Commentary: Is mandating health care unconstitutional?
This article first appeared in the St. Louis Beacon, Sept. 13, 2010 - Nearly a month ago, a clear message was sent to Washington, D.C., when 71 percent of Missouri voters supported Proposition C and rejected "Obamacare."
At the heart of Prop C and the legal challenges to Obamacare lies a simple question: Can the federal government require all Americans to purchase a specific product? Under this individual mandate in HR 3590, the Patient Protection and Affordable Care Act, Americans will be forced to purchase health-care insurance or be subject to penalties to be collected by the IRS. Never before have Americans been mandated to purchase something. I opposed HR 3590 when it came before the House for many reasons including the questionable constitutionality of the legislation.
Our Constitution establishes a fundamental difference between the powers of the states and the powers of the federal government.
A mainstay principle of our nation is that while states enjoy plenary police powers (subject to certain constitutional limits), the federal government is limited to specifically enumerated powers granted in the Constitution. Consequently, states can regulate such things as roads, traffic and car insurance because their authority stems from a constitutional authority separate and absent from the federal government's -- the state's police powers.
If the federal government is limited to its constitutionally enumerated powers, how exactly does it have the authority to impose the individual mandate?
Proponents of the legislation argue that some of Congress' broader enumerated powers, including the Commerce Clause, allow for the individual mandate. However, even under the broadest interpretation of the Commerce Clause, it is questionable that the individual mandate can be construed as an economic activity that "substantially affects interstate commerce" because the mandate is addressing inactivity -- that is the failure of an individual to purchase health insurance. Never before has the Commerce Clause been used to require a person who is doing nothing relating to interstate commerce to do something specific under the interstate commerce clause.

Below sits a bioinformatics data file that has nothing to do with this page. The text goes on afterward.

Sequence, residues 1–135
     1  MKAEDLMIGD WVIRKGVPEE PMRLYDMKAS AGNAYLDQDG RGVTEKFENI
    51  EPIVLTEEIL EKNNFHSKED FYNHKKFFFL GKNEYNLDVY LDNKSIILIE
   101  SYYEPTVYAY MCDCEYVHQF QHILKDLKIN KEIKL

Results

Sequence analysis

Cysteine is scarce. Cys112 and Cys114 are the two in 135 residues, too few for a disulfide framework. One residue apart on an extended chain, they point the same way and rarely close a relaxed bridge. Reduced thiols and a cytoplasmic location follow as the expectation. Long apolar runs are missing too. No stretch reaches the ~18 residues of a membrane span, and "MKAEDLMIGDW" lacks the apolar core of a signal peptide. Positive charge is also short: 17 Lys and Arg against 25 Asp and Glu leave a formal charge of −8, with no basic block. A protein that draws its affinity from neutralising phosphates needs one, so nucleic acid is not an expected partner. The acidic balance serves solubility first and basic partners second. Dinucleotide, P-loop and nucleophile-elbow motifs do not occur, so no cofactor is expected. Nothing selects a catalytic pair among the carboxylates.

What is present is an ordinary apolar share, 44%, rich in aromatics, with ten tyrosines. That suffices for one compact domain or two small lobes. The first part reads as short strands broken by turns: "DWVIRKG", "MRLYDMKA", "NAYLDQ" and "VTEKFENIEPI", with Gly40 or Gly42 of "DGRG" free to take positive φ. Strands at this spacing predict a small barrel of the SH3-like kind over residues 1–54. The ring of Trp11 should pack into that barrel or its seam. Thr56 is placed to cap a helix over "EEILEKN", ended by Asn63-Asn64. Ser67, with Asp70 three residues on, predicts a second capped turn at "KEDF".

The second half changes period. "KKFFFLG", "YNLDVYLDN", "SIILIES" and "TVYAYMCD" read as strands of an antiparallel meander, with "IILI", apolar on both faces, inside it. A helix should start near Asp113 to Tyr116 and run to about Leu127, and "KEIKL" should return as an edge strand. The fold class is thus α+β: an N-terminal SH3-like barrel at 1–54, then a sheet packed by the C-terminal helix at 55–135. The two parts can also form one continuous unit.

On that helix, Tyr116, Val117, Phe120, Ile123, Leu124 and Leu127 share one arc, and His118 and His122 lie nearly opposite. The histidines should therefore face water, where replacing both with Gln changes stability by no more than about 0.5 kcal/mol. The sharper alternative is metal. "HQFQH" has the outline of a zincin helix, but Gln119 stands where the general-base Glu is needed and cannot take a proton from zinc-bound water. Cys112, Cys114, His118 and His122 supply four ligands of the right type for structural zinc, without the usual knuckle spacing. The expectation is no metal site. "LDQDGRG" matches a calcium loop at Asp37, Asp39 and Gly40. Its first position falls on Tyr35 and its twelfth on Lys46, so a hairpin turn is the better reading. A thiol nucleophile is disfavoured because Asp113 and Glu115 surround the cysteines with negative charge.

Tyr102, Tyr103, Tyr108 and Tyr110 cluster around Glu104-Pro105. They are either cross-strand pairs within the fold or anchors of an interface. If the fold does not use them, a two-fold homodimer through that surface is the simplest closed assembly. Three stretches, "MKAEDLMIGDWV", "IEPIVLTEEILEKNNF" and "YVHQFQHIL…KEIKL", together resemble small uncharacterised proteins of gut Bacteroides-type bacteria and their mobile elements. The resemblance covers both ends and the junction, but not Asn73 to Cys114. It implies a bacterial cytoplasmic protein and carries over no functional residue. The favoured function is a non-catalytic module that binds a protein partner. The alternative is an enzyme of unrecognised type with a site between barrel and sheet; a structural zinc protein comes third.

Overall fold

In a broader sense, if such authority is granted by the courts, there may be no limits to the expansiveness in which Congress can regulate various activities under guise of the Commerce Clause.
Critics claim the individual mandate is no different than being required to purchase car insurance. However, this is an unfair comparison. One difference between state car insurance requirements and the individual mandate is that with car insurance you have an option to voluntarily purchase a car or choose alternative transportation such as bus, Metro, carpooling, etc. Under Obamacare, there is no choice: The individual mandate is imposed on every American with very few statutory exceptions.
State car insurance requirements are also confined to the use of public roads. Generally, if an individual merely drove on private property or private roads, state car insurance requirements would not apply. Yet because public roads are often constructed, maintained and owned by state governments, the state has the authority to regulate what happens on these roads, including requiring drivers to carry car insurance to reduce risks on the road and to compensate those subject to injuries.
In contrast, the individual mandate in HR 3590 regulates private behavior. Should I be required by the federal government to purchase health insurance or run the risk of having the IRS come after me? What if I pay for my medical expenses out-of-pocket? What if I do have health insurance and I go to the doctor, does the federal government have the right to determine whether my insurance meets the "minimum essential coverage requirements" and is deemed a sufficient by bureaucrats in Washington?
Finally, states require drivers to carry car insurance to protect against the dangers and liabilities of third parties. That is, while car insurance protects you to a certain extent in the event of a hit-and-run or when the other driver is uninsured, it generally seeks to protect your legal responsibilities against the bodily injury liabilities of the other driver and property damage to their car in the event of an accident. In contrast, the individual mandate in the health-care bill does not seek protection against third parties but rather protection against people themselves by telling every American how to take care of themselves.
There is no doubt that we need to deal with the skyrocketing cost of health care in this country. However, the individual mandate in the Patient Protection and Affordable Care Act poses significant legal questions and is constitutionally suspect. While its constitutionality is a question for the courts, Congress should immediately act to repeal the health-care law and replace it with better solutions that lower health-care costs and empower patients with individuals choice without testing the four corners of our Constitution.
Todd Akin, a Republican, represents the 2nd Missouri Congressional District.